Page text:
Despite trying, neither Apple nor Microsoft (the two main purveyors of DRM technology) have been able to keep outfits like the Hymn Project from defeating their latest technical measures designed to put an end to the cat n' mouse game.
One question that remains largely unanswered is "Why did Apple wait so long to use its legal options against the Hymn Project?" Over the weekend, several DRM and Apple-watchers speculated that the latest hack made available through the Hymn Project (known as "Requiem") pushed Apple over the edge because of the decryption techniques it used -- techniques that may have put Apple at a far more serious disadvantage in that cat n' mouse game that it has ever been.
Whatever its reasons were, Apple has officially put the operators of the Hymn Project on legal notice that it doesn't want to see linkage to any DRM-defeating utilities on the Hymn Project Web site anymore. According to the site's moderator:
Well, I'm guessing Apple did not like the requiem project that was posted in Technical as the site host received a C&D letter demanding that all downloads be removed from the site. Until further notice, no links are to be posted anywhere on the site to programs that can strip DRM from any of Apple's music or videos. Any user who does so will get the link removed and a warning from us. Any further infraction will get you banned permanently.
The sudden move by Apple comes at at unusual time in the long-term struggle that has involved technology companies, content companies, and content consumers. Sounding almost a bit like Ronald Reagan imploring Russian President Gorbachev to "tear down this wall," Steve Jobs, who has on one hand bent over backwards to prevent iTMS-bought content from being freely copied, implored the record-labels to make their content freely copyable (see Thoughts on Music by Steve Jobs). It was a move that left a lot of people wondering who the bad guys were.
Are the bad guys the record labels who, in the course of protecting their content from unscrupulous pirates, are forcing honest consumers to buy multiple copies of the same music just so they can enjoy it on more than one device (for example, on their iPods and in their cars)? Or are they the technology companies who benefit from DRM schemes because of the way they strong-arm consumers into buying one manufacturers' technology for as long as they want their investment in content to remain viable (in other words, for as long as they don't want to repurchase content they already own just so that content can be played back on a device that their current copies of that content are not compatible with).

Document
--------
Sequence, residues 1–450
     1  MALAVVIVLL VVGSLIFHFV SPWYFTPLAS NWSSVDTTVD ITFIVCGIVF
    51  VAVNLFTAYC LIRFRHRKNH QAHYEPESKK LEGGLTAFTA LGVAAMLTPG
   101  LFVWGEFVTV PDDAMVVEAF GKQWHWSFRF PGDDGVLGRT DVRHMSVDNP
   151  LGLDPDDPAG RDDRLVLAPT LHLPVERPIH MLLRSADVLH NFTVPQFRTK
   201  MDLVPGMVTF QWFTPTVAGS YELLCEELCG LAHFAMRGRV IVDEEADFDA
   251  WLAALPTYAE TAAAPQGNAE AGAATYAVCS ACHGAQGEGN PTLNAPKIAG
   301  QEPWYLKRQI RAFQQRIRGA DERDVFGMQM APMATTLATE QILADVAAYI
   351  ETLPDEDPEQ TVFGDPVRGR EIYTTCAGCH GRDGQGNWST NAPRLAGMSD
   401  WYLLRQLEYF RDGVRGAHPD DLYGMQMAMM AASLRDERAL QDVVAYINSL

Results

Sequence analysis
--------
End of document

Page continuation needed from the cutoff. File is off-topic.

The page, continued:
What has always been interesting to me, with Apple, is how it has flexed its legal muscle against "ordinary" people in an effort to protect its interests. OK, so the people aren't ordinary. But, whereas most other technology companies worry about other corporate entities, no other technology company has the track record that Apple does when it comes to legally pursuing individuals from bloggers to hackers that have successfully marginalized (or threaten to marginalize) its trade secrets.
Apple is well within its right to exercise its legal options. In fact, it's the American way. If you want to sue your neighbor for wearing green clothing, you can. A judge may throw the case out before it gets too far. But the truth is that there's nothing that stops you, me, or Apple from sending a cease and desist letter to anybody we want for anything. And, there's nothing that stops you, me, or Apple from suing someone else for anything. The reason you and I don't sue our neighbors for wearing green clothing is that the suit's frivolity would prove the effort to be a waste of time.
Sooner or later, the same sort of frivolity will likely neuter Apple's legal options, too. Not because the cat n' mouse game is like trying to plug a leaky dam with 10 fingers. But, because Apple-the-cat's legal options aren't nearly as international as the mice it will eventually find itself chasing after.
A good example of this lies in Microsoft's valiant legal effort to combat spam. Microsoft should probably win an award for the way it has used its own legal resources to bring law-breaking spammers to justice. No other single company in the industry has matched its technological anti-spam investments with equal, if not greater, legal anti-spam investments. But even though Microsoft has helped to bring some of the most prolific spammers to justice, the majority of those spammers were operating in jurisdictions where Microsoft has sufficient influence. Unfortunately, the world is a big place, and just the same way the rising tide of spam is coming from locales in which Microsoft's lawyers are powerless, so, too, will the future hacks of DRM technology.
In other words, the mice will win.